In its lawsuit, the State of Texas is asking the U.S. District Court to declare that the EEOC’s use of the guidelines are invalid and to enjoin the EEOC from challenging the State’s policy of not hiring convicted felons for certain state jobs.

At the time the EEOC released the stricter guidelines, many legal commentators noted that Congress had never granted the federal agency such rulemaking authority, and that the guidelines were an illegitimate exercise of authority.

Mark Fijman is a labor and employment attorney with Phelps Dunbar, LLC, which has offices in Louisiana, Mississippi, Florida, Texas, Alabama, North Carolina and London. To view his firm bio, click here. He can be reached at (601) 360-9716 and by e-mail at fijmanm@phelps.com




Thursday, October 31, 2013

Employment Non-Discrimination Act Nears Senate Vote and Related "Lagniappe"


In a  posting last month, I noted on the improved prospects for passage of the Employment Non-Discrimination Act (“ENDA”), which would extend Title VII protection against employment discrimination to lesbian, gay, bisexual or transgender employees (“LGBT”). The law would make sexual orientation/sexual identity a protected class in the same manner race, religion, gender, national origin, age and disability are protected under existing federal laws, and make it illegal for organizations with 15 or more employees to:

"[F]ail or refuse to hire or to discharge any individual, or otherwise discriminate against any individual . . . because of such individual’s actual or perceived sexual orientation or gender identity."

On Monday, October 28, 2013, Senate Majority Leader Harry Reid (D-Nev.) announced that he would bring the legislation to a Senate vote within the coming weeks. The legislation has picked up support from two Republicans in the majority Democrat chamber. Passage in the Senate would be a symbolic first for the legislation, which has been unsuccessfully introduced in one form or another for decades. However, it is unlikely that bill will get much traction in the House of Representatives.

This is an issue where the private sector has quietly taken action without the help or hindrance of lawmakers in Washington. A significant majority of Fortune 500 companies have voluntarily put in place policies prohibiting discrimination in the workplace on the basis of sexual orientation or sexual identity. Some states also have  passed similar legislation into law.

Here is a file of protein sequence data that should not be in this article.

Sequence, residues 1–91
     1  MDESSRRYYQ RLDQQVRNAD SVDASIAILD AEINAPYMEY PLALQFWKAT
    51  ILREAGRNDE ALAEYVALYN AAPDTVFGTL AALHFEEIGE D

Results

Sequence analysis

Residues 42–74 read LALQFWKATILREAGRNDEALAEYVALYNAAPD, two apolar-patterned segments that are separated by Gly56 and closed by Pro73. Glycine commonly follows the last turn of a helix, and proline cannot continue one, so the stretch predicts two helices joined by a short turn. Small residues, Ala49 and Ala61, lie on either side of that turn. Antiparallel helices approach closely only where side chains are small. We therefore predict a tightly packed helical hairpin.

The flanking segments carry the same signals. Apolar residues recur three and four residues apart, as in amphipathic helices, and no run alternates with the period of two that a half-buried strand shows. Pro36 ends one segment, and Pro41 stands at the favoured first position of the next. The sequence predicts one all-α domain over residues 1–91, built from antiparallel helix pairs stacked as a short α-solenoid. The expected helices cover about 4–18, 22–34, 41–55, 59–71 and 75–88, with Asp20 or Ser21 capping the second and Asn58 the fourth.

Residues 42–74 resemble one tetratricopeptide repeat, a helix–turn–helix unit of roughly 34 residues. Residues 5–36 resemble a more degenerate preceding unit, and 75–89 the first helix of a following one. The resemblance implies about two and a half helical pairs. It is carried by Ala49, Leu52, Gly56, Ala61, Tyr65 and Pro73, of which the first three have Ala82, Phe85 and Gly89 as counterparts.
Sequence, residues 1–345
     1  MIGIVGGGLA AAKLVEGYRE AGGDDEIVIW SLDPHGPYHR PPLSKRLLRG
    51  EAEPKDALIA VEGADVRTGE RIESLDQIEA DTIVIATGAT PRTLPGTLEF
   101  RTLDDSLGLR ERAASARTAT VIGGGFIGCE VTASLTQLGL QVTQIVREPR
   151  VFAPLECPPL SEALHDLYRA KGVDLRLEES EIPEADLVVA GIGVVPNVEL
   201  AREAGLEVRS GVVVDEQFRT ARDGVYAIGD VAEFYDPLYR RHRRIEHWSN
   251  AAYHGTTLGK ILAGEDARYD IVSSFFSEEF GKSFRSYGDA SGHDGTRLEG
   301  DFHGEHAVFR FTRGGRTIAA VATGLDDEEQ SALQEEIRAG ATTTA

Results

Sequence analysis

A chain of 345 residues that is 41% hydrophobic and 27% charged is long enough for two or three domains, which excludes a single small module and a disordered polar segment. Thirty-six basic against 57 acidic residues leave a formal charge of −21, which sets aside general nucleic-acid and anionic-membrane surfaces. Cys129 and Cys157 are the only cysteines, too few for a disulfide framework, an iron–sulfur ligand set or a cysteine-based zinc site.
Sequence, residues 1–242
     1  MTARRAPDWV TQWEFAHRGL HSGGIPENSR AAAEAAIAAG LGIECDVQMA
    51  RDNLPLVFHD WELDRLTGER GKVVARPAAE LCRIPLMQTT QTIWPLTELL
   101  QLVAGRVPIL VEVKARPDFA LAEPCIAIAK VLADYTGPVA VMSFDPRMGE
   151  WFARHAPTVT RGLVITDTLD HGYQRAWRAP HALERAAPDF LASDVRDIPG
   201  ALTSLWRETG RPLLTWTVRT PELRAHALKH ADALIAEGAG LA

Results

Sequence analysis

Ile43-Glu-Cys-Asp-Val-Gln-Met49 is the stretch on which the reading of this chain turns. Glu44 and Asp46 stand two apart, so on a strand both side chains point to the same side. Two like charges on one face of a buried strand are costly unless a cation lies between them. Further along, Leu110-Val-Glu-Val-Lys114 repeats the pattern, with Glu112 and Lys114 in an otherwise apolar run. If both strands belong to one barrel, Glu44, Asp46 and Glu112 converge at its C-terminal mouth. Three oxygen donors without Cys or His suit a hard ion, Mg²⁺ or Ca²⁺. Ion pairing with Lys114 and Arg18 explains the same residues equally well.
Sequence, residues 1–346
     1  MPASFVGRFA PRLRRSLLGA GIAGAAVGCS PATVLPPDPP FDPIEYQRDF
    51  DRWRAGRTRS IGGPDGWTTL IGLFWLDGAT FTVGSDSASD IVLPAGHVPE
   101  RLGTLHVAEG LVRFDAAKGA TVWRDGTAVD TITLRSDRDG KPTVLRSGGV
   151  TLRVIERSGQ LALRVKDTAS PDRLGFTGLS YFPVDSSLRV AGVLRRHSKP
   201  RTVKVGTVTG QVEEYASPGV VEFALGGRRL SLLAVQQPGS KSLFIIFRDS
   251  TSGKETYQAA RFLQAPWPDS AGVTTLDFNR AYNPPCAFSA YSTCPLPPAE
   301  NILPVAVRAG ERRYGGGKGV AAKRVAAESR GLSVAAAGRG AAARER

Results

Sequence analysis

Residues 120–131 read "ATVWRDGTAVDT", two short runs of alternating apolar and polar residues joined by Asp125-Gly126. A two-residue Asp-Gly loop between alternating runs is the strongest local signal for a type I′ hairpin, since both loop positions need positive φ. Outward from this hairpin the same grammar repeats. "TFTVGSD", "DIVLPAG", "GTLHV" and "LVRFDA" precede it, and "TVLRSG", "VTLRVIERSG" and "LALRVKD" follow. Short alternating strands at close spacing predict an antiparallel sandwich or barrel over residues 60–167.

However, specific provisions of ENDA do raise concern among employers, on such issues as employer dress codes. The language of ENDA does not prohibit “reasonable dress or grooming standards” but would require employers to permit:

"[A]ny employee who has undergone gender transition prior to the time of employment, and any employee who has notified the employer that the employee has undergone or is undergoing gender transition after the time of employment, to adhere to the same dress or grooming standards as apply for the gender to which the employee has transitioned or is transitioning."

Employers also have expressed worries about ENDA interpretations that would require employers to allow access to restrooms or dressing/locker rooms to employees who are biologically one gender, but identify with another gender. With the potential for sexual harassment liability or privacy issues, some business owners believe, for example, that ENDA would force them to ignore the legitimate concerns of female employees about having to share a restroom of dressing room with a male employee who self-identifies as a woman.

Regardless of how ENDA fares in Congress, the Equal Employment Opportunity Commission (“EEOC”) is already trying to pursue some of the same goals of ENDA, within the existing structure of Title VII. As I’ve previously discussed, late last year, the EEOC released its Strategic Enforcement Plan (“SEP”) for 2013 – 2016. Among the agency’s targeted goals was to provide LGBT coverage under Title VII sex discrimination, even though such protection is not contained within the actual statute. The SEP also addressed the agency’s intent to curtail employer’s use of criminal background checks when making employment decisions.